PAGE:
Finches reveal further secrets of evolution at Snider Lecture

Rosemary and Peter Grant
Wednesday, June 7, 2017 - 10:47am
Nicolle Wahl

Despite a rainy evening, bird enthusiasts flocked to UTM on Tuesday night for the Snider Lecture, featuring evolutionary biology legends Professors Peter and Rosemary Grant.

The Grants, who are professors emeriti at Princeton University, are world-renowned for their groundbreaking research project on Charles Darwin’s finches on the Galapagos Islands. Speaking to a nearly full lecture hall in the Instructional Centre, biology professor Marc Johnson introduced the Grants. “Their life and work have inspired our students,” said Johnson, who has himself done field research on the Galapagos Islands.

Partners in life and science, the Grants have spent 40 years studying Darwin’s finches on a remote, uninhabited island. They would live for three to six months of the year on the island—without electricity, roads or plumbing—observing and collecting data on thousands of birds from multiple species.

Their meticulous work has revealed that evolution—once thought to be a slow and gradual process that occurs over millennia—can take place rapidly, from year to year, often in response to environmental change. In fact, they have literally seen new species develop over just a few generations.

Together, their research has revolutionized the scientific world’s understanding of how quickly evolution can take place. Globally recognized as the most influential evolutionary biologists since Darwin, they will be recognized with honorary degrees at the June 7 U of T Mississauga convocation ceremony.

Peter Grant spoke first, suggesting that the confluence of UTM’s 50th anniversary and Canada’s 150th celebrations meant that the planets were aligned for them to speak at UTM. He went on to describe the physical conditions on Daphne, the island where they have done their work. A volcanic outcropping, the small island is generally dry with some cactus flora and vegetation that produces food for the finches.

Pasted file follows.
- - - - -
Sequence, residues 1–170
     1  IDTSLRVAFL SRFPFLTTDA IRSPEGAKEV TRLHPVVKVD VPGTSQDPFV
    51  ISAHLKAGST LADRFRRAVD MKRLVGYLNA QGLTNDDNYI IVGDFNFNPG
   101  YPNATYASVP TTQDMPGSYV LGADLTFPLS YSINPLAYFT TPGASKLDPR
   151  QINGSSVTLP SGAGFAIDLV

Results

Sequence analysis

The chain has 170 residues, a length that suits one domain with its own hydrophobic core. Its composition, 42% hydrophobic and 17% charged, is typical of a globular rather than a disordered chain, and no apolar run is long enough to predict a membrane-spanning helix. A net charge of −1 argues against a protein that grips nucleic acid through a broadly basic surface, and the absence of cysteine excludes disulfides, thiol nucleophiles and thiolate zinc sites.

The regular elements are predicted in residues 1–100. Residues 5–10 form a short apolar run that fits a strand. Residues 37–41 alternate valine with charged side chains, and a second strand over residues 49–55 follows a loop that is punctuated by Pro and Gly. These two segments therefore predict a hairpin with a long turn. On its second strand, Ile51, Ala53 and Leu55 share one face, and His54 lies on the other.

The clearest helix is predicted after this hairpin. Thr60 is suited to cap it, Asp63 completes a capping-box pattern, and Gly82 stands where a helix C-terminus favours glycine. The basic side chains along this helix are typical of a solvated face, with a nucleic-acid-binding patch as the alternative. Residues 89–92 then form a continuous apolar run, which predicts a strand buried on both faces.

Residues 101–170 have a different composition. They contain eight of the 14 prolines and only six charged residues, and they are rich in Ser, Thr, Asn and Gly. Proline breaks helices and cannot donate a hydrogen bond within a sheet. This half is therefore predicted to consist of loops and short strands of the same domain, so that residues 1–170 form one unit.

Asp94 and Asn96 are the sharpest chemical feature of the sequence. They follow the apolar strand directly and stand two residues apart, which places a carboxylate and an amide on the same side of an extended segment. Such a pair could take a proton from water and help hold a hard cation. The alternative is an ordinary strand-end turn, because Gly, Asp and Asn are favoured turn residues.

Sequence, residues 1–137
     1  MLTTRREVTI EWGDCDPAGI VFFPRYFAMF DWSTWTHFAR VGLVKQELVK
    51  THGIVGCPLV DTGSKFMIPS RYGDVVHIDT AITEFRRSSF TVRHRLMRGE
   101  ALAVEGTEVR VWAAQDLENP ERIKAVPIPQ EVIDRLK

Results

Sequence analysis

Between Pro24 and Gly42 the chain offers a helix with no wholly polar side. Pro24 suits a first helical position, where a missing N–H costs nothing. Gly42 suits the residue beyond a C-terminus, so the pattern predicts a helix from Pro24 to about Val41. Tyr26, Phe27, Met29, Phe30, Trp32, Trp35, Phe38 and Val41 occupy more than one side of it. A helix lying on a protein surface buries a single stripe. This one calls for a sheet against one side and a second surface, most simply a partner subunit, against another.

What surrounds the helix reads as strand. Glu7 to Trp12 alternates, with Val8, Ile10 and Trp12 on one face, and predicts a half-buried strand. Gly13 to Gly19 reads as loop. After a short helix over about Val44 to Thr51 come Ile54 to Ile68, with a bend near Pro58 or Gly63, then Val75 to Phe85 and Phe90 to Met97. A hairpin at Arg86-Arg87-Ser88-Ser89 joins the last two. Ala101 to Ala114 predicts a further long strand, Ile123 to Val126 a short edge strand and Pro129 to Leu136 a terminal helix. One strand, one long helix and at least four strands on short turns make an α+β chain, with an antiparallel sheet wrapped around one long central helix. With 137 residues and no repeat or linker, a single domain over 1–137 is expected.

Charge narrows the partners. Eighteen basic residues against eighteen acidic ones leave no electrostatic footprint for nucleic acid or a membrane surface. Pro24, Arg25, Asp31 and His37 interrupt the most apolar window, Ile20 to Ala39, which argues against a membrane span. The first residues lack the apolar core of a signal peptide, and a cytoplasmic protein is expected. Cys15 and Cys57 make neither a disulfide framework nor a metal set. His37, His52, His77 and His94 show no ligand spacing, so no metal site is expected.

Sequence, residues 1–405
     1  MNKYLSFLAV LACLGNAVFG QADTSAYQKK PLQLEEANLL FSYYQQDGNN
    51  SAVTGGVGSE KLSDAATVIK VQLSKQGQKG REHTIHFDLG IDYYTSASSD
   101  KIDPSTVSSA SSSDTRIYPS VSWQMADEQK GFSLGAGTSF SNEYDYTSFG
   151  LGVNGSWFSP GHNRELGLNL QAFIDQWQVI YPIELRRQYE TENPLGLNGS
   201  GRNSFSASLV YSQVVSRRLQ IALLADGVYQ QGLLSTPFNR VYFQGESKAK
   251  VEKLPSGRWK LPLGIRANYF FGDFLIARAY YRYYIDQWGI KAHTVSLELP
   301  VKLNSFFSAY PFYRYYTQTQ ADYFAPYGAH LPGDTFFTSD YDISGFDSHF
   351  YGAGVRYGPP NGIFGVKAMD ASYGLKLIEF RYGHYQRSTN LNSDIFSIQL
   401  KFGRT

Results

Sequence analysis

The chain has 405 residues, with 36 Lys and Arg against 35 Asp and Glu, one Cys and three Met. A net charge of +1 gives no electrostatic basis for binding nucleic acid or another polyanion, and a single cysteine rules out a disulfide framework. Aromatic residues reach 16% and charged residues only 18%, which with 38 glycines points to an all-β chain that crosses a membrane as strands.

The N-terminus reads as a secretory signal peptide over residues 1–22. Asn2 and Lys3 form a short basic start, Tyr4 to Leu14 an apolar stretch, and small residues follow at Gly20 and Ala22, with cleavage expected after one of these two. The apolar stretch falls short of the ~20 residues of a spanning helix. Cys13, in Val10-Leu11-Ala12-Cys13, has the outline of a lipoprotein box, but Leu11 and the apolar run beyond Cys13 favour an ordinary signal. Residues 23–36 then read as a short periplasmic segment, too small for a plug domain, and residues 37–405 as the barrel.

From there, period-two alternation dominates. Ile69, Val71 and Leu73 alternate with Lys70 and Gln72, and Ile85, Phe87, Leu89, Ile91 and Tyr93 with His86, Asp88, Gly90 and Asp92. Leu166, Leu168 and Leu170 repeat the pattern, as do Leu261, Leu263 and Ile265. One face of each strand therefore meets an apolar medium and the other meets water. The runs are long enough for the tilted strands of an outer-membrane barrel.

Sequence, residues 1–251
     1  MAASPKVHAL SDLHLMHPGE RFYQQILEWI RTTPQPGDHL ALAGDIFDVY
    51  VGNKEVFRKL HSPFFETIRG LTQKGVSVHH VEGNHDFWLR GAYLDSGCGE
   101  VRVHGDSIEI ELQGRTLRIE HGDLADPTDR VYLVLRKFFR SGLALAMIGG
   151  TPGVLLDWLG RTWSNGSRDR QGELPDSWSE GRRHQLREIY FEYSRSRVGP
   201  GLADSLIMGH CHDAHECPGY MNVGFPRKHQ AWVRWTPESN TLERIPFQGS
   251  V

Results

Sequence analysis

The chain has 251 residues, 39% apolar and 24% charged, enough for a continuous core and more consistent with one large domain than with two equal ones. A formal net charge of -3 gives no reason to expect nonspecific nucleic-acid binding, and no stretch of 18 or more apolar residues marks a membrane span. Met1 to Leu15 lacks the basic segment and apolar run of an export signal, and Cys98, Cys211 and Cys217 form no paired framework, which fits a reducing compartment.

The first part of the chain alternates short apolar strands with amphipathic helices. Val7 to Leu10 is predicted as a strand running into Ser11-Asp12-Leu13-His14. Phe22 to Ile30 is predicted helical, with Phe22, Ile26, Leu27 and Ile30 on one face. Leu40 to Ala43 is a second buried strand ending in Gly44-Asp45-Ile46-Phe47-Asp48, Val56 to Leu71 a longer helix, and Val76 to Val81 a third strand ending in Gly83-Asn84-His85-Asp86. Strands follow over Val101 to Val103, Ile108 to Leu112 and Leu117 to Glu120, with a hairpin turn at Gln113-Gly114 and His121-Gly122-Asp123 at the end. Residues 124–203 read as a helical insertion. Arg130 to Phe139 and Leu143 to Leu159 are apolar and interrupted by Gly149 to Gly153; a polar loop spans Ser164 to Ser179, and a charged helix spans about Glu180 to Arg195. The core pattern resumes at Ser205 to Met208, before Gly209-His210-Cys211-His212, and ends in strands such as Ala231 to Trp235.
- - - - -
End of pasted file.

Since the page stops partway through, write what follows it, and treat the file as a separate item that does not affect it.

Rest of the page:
“We live in a tent, we cook in a cave and we capture birds in nets,” Peter explained. Each bird is weighed, measured, banded and released. In recent years, they have also started taking blood samples for DNA analysis.

Over 40 years, they have observed how two finch species on the island have given way and cross-bred with other species that arrive over water. They have been able to observe how environmental pressures and natural selection have led to the emergence of totally new finch species.

Working on a volcanic island for three to six months out of the year hasn’t been easy, said Rosemary. “The food is quite dull,” she laughed. “We have rice and tuna, and tuna and rice. Sometimes we have Indian spices from our ‘rice repair kit.’”

Following the lecture, several biology students peppered the Grants with questions about their research, but the final question of the night drew the biggest laugh.

“What’s the secret to doing research together for 40 years?”

Peter smiled. “Rosemary is always right.”